Critics’ Picks

View of “Landscapes of Quarantine,” 2010. Right: Richard Mosse, Quick, 2010.

View of “Landscapes of Quarantine,” 2010. Right: Richard Mosse, Quick, 2010.

New York

“Landscapes of Quarantine”

Storefront for Art and Architecture
97 Kenmare Street
July 25, 2013–April 24, 2010

The famous facade of the Storefront for Art and Architecture, designed in 1993 by Vito Acconci and Steven Holl, literally opens onto Kenmare Street and therefore defies the very premise of a space that is “kept out of sight,” as one panel in this exhibition describes the logic of quarantine. The pierced and cantilevered frontage of the nonprofit seems, then, an odd site for a reflection on the various spatial iterations of confinement. And yet, in a variety of media and thematic approaches, this small show evokes––by turns solemnly and humorously––the prevalence of a practice that is by definition about being out of view.

Indeed, quarantine is as much a metaphorical trope as it is an actual procedure, and the exhibition pays more than lip service to the concept’s stubborn unrepresentability. Richard Mosse’s video Quick, 2010, alludes precisely to quarantine’s resistance to empirical measurement, while Brian Slocum’s installation transforms the (sliced and levered) facade into a sample of quarantine’s effects by using a “prosthetic tarp.” Joe Alterio’s series of works on paper, depicting a community’s sequestering of a potentially harmful machine, uses a more traditional medium to address ineffable contemporary anxieties. Mimi Lien’s diminutive dioramas, re-creating scenes frozen in time and stripped of human presence, evoke the eerie temporal abeyance of quarantined spaces.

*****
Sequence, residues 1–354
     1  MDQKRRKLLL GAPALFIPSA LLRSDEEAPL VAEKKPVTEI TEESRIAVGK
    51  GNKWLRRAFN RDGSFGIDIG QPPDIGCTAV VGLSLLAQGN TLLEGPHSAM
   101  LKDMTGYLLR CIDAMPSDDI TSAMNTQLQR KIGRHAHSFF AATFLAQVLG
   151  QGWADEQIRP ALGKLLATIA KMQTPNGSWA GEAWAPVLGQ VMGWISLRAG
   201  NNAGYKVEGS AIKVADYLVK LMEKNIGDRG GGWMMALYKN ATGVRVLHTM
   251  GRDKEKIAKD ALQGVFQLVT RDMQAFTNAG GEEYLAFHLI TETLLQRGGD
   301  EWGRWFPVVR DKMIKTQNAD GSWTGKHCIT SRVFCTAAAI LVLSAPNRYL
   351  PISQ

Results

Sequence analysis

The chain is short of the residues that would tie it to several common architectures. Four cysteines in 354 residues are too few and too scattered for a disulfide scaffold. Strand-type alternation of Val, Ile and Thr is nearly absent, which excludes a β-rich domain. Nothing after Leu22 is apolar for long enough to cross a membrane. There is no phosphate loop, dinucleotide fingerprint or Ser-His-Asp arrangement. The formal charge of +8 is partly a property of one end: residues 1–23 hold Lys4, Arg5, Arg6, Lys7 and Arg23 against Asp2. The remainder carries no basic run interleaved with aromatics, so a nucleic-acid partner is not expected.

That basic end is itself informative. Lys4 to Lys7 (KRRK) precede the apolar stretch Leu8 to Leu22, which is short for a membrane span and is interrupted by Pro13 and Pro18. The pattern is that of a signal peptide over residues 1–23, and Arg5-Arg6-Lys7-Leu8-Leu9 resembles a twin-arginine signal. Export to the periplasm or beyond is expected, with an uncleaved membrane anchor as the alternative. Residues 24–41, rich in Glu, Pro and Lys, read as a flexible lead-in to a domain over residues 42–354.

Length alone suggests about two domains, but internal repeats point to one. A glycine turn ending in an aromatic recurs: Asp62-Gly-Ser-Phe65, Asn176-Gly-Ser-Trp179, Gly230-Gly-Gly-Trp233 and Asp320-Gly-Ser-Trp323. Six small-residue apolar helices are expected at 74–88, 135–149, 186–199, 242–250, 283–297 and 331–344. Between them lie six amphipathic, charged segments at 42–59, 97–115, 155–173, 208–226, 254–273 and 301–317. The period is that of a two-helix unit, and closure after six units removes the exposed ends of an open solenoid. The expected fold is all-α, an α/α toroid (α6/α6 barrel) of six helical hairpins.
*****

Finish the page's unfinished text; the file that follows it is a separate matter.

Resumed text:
Perhaps the most incisive aspect of the exhibition is its refusal to serve up some facile verdict on the notion of quarantine and its political or philosophical ramifications. Whether a reactionary sealing of borders to those in need, or a necessary prophylaxis against a disease’s spread; whether a literary metaphor, or a more insidious concealment of actual nuclear waste; the fraught nature of quarantine emerges here in all its ambivalence––material, metaphysical, and spatial.